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Accountability for Coaches by Tony Stoltzfus

Dec 12th, 2011 | By | Category: Featured Content, Transformational Coaching

Accountability is an effective tool to help a coaching client change habits.  And the principles behind accountability will work with any kind of action step. Whenever a client needs to get something done, accountability improves the chances of success. Here’s an overview of how accountability is normally applied in a coaching relationship.

The most basic support structure in a coaching relationship is the progress report. At the beginning of each coaching appointment (after you’ve had a few minutes of chit-chat), the coach asks the client to review progress on the action steps chosen in the previous session:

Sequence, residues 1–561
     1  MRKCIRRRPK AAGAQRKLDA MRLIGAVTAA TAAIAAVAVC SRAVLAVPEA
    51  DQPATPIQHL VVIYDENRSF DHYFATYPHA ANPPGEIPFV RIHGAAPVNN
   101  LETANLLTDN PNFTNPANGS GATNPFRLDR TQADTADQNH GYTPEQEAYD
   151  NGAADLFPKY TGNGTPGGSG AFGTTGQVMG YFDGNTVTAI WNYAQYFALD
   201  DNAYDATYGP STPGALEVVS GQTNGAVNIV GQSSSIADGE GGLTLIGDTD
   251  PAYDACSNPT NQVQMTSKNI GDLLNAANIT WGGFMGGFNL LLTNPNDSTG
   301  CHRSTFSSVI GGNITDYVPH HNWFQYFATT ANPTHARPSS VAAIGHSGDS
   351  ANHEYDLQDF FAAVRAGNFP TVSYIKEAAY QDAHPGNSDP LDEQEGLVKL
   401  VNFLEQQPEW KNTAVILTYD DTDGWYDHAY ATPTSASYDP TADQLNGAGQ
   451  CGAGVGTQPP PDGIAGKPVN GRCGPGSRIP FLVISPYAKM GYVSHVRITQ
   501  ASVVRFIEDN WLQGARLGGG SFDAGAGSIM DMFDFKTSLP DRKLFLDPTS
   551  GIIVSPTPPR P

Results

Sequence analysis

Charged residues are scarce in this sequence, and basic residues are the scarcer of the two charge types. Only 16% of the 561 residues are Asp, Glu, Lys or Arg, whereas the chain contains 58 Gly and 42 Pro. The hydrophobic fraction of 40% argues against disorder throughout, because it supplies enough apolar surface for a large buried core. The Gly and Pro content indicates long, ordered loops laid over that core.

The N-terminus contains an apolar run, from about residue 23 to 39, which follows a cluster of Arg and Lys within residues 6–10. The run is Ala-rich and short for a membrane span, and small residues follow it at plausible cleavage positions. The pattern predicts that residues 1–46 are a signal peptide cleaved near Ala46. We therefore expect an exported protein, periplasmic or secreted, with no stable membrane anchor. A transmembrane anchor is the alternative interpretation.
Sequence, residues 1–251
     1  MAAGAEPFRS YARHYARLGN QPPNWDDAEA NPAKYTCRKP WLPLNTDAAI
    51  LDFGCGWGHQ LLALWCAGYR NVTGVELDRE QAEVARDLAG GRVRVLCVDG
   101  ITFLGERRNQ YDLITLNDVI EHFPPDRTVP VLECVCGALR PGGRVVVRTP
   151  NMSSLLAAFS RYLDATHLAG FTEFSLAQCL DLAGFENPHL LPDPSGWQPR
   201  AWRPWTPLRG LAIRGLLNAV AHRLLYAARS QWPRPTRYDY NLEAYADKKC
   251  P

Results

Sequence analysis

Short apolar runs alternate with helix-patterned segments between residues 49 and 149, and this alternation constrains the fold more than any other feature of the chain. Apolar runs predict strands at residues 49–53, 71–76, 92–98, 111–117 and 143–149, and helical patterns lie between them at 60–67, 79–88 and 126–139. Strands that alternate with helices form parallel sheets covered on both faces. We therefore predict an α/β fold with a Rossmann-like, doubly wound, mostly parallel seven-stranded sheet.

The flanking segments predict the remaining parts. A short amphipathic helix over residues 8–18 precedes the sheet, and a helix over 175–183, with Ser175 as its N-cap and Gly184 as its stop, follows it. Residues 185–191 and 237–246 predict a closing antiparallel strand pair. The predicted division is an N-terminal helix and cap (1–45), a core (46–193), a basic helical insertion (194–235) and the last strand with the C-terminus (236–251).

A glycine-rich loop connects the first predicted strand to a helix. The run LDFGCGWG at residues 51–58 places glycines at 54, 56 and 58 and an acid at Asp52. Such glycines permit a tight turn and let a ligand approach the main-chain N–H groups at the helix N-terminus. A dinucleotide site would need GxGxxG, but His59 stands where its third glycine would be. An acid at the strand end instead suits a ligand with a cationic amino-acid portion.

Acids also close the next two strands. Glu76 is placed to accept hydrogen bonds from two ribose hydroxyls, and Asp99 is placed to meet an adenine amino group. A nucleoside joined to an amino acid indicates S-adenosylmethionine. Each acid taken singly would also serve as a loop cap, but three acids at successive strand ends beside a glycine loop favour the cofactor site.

“Give me a brief progress report on your action steps.”

This question is direct, keeps the client in charge, and emphasizes the client’s ownership of the process. Train your clients to quickly run through the steps on their list. Once you’ve determined what they did or didn’t do, you can respond, ask for new action steps in a particular area or move the focus to the main agenda for the coaching appointment.

Consistently asking for progress reports creates a performance-enhancing environment, characterized by:

  • Responsibility
    Clients catch on pretty quickly that you expect them to write down and keep track of each and every goal and action step. It is their list, and they are responsible for it.
  • Seriousness
    Progress reports communicate that we are taking the steps seriously—seriously enough to follow up.
  • Consistency
    Clients realize that they are going to be consistently held accountable for each and every step. Therefore, if I choose a step, I’m serious about taking it. 

 The coach also keeps a list of every goal and action step the client develops. If the client skips a step in the progress report, the coach must ask for a report on that specific step. Maximum performance is generated when every step is covered and there is no sliding by.